But whilst Gifford was thus demolishing an outbreak of bad taste, a much more remarkable evidence that those who lay claim to good taste frequently have it not was given by the appearance of several new plays and other documents attributed to Shakespeare. The chief of these was "Kynge Varrtygerne," a tragedy, edited by Samuel Ireland. Numbers of persons of high name and pretension, as Dr. Parr, Boswell, Pye, the laureate, Chalmers, the editor of an issue of "British Poets," Pinkerton, a writer of all sorts of things, etc., became enthusiastic believers and admirers of these pretended discoveries. They turned out to be impudent forgeries by the son of the editor, named William Henry Ireland, and are in reality such trash that they are a melancholy proof of how little value, from some learned persons, is the adoration of Shakespeare. Malone, in an "Inquiry" into the authenticity of these writings, in 1796, completely exposed their spuriousness. Pinkerton, one of their most zealous advocates, himself perpetrated a similar forgery of a volume of Scottish poems, issued as ancient ones. He enjoyed the particular patronage of Horace Walpole.GIBRALTAR.He was proceeding in all apparent safety when, approaching the village of Tarrytown, three militiamen suddenly sprang forward, and, seizing his bridle, demanded who he was. André, being on neutral ground, exceeded his former incaution, and instead of ascertaining whether the men were Americans, in which case Arnold's pass was his security, he asked the men who they were, and being answered "From below," which was the pass for New York, replied, "And so am I." By this, discovering that he was a British officer, the men began to search him, and soon made prize of his fatal papers. Warned in time, Arnold escaped on board a British man-of-war. But very different was the fate of Major André. General Clinton, the moment he was aware of his arrest, sent a letter to Washington, stating that André had gone on shore under a flag of truce, and, at the time of his arrest, was travelling under a pass from Arnold, the commander of the district. Clinton therefore requested Washington to liberate André immediately. To this letter Washington did not reply till after a lapse of four days, and after the board of officers appointed for the purpose had declared André a spy. He even rejected the last prayer of the gallant soldier that he might be spared the gibbet, and had him hanged.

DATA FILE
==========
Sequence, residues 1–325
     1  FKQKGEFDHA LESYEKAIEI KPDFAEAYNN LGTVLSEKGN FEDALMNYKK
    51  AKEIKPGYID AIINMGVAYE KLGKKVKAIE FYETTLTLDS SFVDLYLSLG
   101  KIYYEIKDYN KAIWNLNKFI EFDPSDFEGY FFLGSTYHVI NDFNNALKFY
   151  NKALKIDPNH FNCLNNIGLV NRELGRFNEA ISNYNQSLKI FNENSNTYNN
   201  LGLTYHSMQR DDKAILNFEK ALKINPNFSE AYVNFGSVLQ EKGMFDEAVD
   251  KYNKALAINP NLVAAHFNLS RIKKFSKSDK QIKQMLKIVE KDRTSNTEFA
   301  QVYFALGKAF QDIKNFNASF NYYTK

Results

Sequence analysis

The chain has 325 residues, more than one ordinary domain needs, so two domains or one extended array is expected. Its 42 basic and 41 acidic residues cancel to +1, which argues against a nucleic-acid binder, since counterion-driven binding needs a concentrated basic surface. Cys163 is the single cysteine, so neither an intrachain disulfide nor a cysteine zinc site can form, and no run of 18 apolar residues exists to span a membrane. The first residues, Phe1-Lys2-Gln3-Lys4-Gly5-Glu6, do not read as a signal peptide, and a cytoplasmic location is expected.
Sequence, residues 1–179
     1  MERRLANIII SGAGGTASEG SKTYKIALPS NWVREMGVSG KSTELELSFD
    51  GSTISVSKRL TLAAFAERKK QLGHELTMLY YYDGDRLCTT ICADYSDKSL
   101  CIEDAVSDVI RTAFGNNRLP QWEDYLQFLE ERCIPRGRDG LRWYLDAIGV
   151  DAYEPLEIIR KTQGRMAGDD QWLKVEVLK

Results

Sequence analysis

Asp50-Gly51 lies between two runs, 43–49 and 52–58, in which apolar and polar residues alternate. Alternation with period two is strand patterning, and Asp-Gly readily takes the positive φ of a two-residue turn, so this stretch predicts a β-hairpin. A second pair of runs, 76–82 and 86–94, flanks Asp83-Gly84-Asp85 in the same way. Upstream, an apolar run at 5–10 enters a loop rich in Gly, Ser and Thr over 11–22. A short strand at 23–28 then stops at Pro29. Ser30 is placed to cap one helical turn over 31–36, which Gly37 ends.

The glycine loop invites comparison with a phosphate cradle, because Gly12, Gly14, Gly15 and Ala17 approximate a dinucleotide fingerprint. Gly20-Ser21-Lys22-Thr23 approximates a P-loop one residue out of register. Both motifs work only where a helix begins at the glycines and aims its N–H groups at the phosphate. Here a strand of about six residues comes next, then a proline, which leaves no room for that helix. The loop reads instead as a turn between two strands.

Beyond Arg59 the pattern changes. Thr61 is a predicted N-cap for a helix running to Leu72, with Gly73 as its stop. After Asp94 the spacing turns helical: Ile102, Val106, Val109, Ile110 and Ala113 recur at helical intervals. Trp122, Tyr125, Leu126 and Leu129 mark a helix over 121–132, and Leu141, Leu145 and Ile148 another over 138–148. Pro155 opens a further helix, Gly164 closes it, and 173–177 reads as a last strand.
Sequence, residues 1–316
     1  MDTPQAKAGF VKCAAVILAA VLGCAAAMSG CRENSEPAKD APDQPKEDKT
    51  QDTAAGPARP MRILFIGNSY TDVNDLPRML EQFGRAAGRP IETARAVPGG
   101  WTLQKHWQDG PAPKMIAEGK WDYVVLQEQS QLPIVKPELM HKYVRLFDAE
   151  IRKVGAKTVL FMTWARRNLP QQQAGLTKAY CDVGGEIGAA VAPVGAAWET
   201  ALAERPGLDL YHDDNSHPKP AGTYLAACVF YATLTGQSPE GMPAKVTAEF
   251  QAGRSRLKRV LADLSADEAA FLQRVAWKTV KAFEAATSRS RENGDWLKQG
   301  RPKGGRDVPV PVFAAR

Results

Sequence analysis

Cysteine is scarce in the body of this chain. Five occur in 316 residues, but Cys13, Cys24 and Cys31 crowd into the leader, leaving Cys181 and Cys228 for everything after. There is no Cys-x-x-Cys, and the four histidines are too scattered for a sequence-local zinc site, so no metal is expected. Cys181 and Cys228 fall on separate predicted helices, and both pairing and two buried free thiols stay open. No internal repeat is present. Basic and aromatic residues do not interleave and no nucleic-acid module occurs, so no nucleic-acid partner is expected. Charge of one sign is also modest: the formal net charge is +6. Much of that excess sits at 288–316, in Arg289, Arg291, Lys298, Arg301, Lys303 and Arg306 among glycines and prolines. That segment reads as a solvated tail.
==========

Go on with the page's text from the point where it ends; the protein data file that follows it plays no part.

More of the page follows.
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[See larger version]In Germany, Prince Ferdinand of Brunswick, after driving the French out of Hanover, had followed them across the Rhine this spring, and on the 23rd of June defeated them at Crefeld, with a slaughter of six thousand men. He then took Düsseldorf; but the French court recalling the incapable Clermont, and sending Marshal De Contades with fresh forces against him, and Prince Soubise defeating the Hessians, he was obliged to fall back into Westphalia, where he was joined by the Duke of Marlborough and Lord George Sackville with the English auxiliaries, but too late to effect anything further. Shortly afterwards the Duke of Marlborough died suddenly, under strong suspicions of having been poisoned.
The motion of Fox was negatived by a large majority, and on the 21st of June the king prorogued Parliament.It was no wonder that Spain, feeling the serious effects of this state of things, should resist it; and when she did so, and exerted an unusual degree of vigilance, then the most terrible outcries were raised, and wonderful stories were circulated of Spanish cruelties to our people beyond the Atlantic. At this time the Opposition got hold of one of these, and made the House of Commons and the nation resound with it. It was, that one Captain Robert Jenkins, who had been master of a sloop trading from Jamaica, had been boarded and searched by a Coastguard, and treated in a most barbarous manner, though they could detect no proof of smuggling in his vessel. He said that the Spanish captain had cut off one of his ears, bidding him carry it to his king, and tell his Majesty that if he were present he would treat him in the same manner. This story was now seven years old, but it was not the less warmly received on that account. It excited the utmost horror, and Jenkins was ordered to appear at the bar of the House of Commons on the 16th of March, to give an account of the outrage himself; and it would appear that both he and other witnesses were examined the same day. Jenkins carried his ear about with him wrapped in cotton, to show to those to whom he related the fact, and the indignation was intense. He was asked by a member how he felt when he found himself in the hands of such barbarians, and he replied, "I recommended my soul to God, and my cause to my country." The worthy skipper had probably been crammed with this dramatic sentiment by some of his clever Parliamentary introducers; but its effect was all the same as if it had been a genuine and involuntary expression of his own mind. Researches made at the Admiralty in 1889 proved that he really had lost an ear.详情